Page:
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New tech at UC to spearhead fight against concussion

6 April 2018: In an Australian first, elite athletes who have suffered concussion may fast track their rehabilitation and return to action sooner than previously possible, thanks to world-class balance technology newly arrived at the University of Canberra.

Researchers at the University’s Research Institute for Sport and Exercise (UCRISE) will use a brand-new balance assessment device to comprehensively evaluate athletes with suspected concussion.

Concussion is a temporary loss of brain function and has the potential to affect a person’s ability to maintain balance and control their movement. The head injury is challenging to diagnose and to treat – no two concussions are the same – and recovery times vary widely.

UCRISE Director and Professor of Sports Medicine Gordon Waddington said the technology was a new tool in the management of concussion, especially in contact sports, and Canberra’s sports teams were set to benefit greatly.

“This device, in combination with the technology we’ve already developed, heralds the most comprehensive approach yet to treating athletes who may have suffered concussion,” Professor Waddington said.

“Using immersive virtual reality technology, we will be able to assess patient balance control by collecting objective patient data and using it to evaluate an athlete, make treatment decisions, and monitor their progress.

“It’s a game changer for our local sports teams which are having to incorporate stricter measures around head injuries. This technology will help athletes get the right treatment and hopefully, have them returning to action sooner.”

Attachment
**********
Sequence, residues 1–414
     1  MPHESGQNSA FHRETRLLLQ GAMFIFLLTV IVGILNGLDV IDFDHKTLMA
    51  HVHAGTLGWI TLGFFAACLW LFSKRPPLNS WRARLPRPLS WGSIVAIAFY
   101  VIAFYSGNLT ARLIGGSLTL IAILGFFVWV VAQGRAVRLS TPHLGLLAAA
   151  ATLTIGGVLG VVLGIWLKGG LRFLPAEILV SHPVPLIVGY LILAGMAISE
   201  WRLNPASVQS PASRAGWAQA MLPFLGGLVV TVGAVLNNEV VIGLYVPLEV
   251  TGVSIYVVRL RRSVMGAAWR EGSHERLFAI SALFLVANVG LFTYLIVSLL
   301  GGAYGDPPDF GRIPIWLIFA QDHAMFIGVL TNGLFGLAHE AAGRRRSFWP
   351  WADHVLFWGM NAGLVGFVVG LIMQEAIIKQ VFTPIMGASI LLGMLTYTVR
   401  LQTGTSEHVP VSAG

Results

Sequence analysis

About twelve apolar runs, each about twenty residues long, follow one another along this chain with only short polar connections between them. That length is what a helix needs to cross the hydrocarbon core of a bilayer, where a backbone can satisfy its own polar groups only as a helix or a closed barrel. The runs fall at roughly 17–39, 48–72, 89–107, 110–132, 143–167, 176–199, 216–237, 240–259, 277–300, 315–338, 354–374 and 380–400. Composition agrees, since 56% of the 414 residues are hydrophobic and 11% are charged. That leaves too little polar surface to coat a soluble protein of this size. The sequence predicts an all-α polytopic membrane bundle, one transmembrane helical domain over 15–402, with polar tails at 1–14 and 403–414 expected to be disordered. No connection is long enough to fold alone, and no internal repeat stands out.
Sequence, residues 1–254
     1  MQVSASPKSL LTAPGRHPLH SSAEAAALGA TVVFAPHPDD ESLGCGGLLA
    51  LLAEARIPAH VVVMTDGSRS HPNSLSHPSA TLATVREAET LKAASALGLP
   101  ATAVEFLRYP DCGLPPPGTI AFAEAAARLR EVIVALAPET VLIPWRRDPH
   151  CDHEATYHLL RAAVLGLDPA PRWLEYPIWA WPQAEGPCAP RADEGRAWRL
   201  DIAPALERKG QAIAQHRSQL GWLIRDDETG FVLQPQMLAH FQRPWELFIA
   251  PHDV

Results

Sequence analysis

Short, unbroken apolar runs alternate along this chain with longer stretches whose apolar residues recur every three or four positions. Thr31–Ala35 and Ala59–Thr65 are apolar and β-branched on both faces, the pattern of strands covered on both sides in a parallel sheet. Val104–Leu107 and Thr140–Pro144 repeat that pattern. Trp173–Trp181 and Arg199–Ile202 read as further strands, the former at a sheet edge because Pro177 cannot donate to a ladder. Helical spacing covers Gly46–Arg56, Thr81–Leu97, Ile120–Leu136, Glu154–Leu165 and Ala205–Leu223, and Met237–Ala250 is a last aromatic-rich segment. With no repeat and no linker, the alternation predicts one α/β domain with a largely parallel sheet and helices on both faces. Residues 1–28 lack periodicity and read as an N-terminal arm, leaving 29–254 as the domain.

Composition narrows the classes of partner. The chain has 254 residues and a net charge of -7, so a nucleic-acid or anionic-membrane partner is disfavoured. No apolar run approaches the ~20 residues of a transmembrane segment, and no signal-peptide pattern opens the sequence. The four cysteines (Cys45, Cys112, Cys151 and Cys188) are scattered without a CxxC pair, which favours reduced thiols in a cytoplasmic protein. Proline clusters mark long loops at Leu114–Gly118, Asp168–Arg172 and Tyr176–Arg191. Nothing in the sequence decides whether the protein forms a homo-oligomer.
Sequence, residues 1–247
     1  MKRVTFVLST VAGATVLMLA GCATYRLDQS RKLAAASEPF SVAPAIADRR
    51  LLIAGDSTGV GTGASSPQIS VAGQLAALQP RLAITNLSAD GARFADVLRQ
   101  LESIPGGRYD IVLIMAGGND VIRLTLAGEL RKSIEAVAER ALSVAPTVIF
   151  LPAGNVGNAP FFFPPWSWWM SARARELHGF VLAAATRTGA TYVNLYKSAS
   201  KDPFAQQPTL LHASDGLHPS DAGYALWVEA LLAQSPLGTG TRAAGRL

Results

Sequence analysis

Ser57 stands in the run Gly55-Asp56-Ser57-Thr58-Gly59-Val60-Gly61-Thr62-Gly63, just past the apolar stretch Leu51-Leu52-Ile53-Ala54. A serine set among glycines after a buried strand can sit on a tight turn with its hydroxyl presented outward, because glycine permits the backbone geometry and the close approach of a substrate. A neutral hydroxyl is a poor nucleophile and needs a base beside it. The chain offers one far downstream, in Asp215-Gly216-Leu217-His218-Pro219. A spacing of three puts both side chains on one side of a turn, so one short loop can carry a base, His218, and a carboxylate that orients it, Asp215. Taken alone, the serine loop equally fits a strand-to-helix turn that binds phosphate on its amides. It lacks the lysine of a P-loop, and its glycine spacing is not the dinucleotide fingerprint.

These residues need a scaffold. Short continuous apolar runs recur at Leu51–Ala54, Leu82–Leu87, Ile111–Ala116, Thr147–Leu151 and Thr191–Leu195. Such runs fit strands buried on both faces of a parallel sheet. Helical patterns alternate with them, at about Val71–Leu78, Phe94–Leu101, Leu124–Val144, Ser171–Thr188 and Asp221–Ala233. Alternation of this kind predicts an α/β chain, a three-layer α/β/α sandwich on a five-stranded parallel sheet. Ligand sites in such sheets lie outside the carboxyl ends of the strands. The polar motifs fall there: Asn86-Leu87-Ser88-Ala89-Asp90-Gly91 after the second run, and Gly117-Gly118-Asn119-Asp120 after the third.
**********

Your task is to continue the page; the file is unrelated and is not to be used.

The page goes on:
The Bertec Balance Advantage system, previously only available in North America, is a one-stop treatment tool. It will allow staff to identify changes in an athlete’s brain affecting balance and to diagnose complications that may occur after a concussion.

It will be used in conjunction with existing innovative technology developed by researchers from the University and the Australian Institute of Sport.

Super Rugby’s ACT Brumbies, the NRL’s Canberra Raiders and the WNBL’s University of Canberra Capitals will all be able to utilise the technology.

Professor Waddington, who also conducts research for the Australian Institute of Sport, said it would only strengthen the University’s connection to Canberra’s highest-profile sports teams.

“UCRISE already works closely with the ACT’s biggest clubs, but this will further enhance the relationship,” he said.

“The addition of yet another world-class device to our offering also solidifies the Institute’s reputation as one of the southern hemisphere’s leading sports science laboratories.”

While the technology will be primarily used on athletes with suspected concussion, it will also advance the Institute’s work with NASA to ensure astronauts are able to walk on the surface of Mars in the not-too-distant future.

Contact the University of Canberra media team:

Antony Perry: 0434 795 919

Claudia Doman: 0408 826 362